Why the Fed Might Stifle Bank Yields

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It’s complicated, but the Federal Reserve’s decision to keep interest rates low and buy long term Treasuries, using profits from its mortgage buying spree, could hurt bank rate yields in the end.

The move by the Federal Reserve Open Market Committee, announced on Aug. 10, is the Fed’s latest response to lagging economic growth and high unemployment. The economy is still a big question mark, as the Fed attested its Aug. 10 meeting, “(While) the Committee anticipates a gradual return to higher levels of resource utilization in a context of price stability, although the pace of economic recovery is likely to be more modest in the near term than had been anticipated.”

With the need for a second source of stimulus high and the threat of inflation “subdued for some time,” the Fed adopted twin measures to accelerate sluggish economic growth.

The Federal Reserve opted to keep its key federal funds interest rate right where it is, right now — at 0% to .25% — and will continue to do so. Says the Fed: “The Committee will maintain the target range for the federal funds rate at 0% to .25% and continues to anticipate that economic conditions, including low rates of resource utilization, subdued inflation trends, and stable inflation expectations, are likely to warrant exceptionally low levels of the federal funds rate for an extended period.”

The Fed is also embarking on a stimulus campaign to reinvest principal payments from agency debt and agency mortgage-backed securities, pouring them into long-term Treasury securities. The Fed’s adopting a long-term approach, promising to “roll over the Federal Reserve's holdings of Treasury securities as they mature.”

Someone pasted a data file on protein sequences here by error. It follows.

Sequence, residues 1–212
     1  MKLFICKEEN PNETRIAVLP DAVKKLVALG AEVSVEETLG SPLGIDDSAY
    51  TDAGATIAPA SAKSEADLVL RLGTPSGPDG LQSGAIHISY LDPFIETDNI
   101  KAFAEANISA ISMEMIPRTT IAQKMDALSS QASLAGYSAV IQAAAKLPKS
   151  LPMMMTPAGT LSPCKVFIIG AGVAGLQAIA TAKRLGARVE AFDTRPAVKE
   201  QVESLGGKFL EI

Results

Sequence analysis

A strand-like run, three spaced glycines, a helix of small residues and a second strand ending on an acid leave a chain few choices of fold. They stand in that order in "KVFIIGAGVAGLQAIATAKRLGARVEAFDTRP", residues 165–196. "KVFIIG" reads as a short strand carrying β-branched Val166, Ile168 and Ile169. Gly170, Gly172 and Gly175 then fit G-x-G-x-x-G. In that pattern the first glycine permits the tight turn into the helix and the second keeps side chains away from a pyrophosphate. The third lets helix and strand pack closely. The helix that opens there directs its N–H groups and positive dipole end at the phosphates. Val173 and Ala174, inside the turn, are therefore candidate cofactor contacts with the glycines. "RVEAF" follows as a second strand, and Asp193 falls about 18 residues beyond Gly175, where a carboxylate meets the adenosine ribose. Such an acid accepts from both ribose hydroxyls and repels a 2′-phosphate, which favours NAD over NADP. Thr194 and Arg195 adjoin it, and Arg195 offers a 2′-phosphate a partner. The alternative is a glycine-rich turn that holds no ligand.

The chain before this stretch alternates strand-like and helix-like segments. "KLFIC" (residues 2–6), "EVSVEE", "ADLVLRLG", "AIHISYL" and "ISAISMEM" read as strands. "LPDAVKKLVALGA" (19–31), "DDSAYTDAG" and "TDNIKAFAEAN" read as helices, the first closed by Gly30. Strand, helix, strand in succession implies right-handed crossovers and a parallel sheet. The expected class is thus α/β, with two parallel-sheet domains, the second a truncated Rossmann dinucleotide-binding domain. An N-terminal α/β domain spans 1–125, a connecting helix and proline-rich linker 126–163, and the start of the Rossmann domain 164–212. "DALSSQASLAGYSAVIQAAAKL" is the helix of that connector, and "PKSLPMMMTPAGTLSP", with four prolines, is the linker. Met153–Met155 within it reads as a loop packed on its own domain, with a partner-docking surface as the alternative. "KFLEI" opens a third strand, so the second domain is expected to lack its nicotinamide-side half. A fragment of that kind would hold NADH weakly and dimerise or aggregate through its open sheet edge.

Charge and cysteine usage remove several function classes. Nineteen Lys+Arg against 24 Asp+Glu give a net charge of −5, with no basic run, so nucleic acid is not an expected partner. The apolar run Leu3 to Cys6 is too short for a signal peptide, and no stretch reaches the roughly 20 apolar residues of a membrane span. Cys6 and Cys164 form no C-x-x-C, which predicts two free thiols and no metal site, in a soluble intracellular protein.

(For a detailed analysis of the Fed’s new Treasury reinvestment program, visit the Fed's website).

How will the move affect bank deposit investors? Not favorably. The decision to keep interest rates low – even over the long term – will continue to put a damper on bank interest rate yields. With inflation out of the picture, the Fed feels no pressure to hike rates and bring the rest of the economy along for the ride. Since bank rates generally track the Federal Reserve’s rate, we probably won’t see any significant upward movement in rates for quite a while.

Then there’s the Fed’s Treasury reinvestment program. While 30-year Treasury yields are outpacing the 30-year coupon rate on mortgage back securities, the move looks like a boon for investors angling for fatter long-term Treasury yields (the 30-Year Treasury Bond is hovering around 3.75% — a 16-month low).

But there is a caveat. The bond market will likely take a look at the bigger picture, which the Fed even summed up itself: “the pace of economic recovery is likely to be more modest in the near term than anticipated.”

The economy isn’t performing like the Fed thought it would, hence the downward revision in economic growth expectations.

While some strong voices inside the Federal Reserve calling for an end to the low-rate strategy — Open Markets Committee member Thomas Hoenig voted against the Fed policies just last week — the mandate going forward continues to be low interest rates and price stabilization in the Treasury market.

Both translate into a near-term future, at least for lower bank rate yields.

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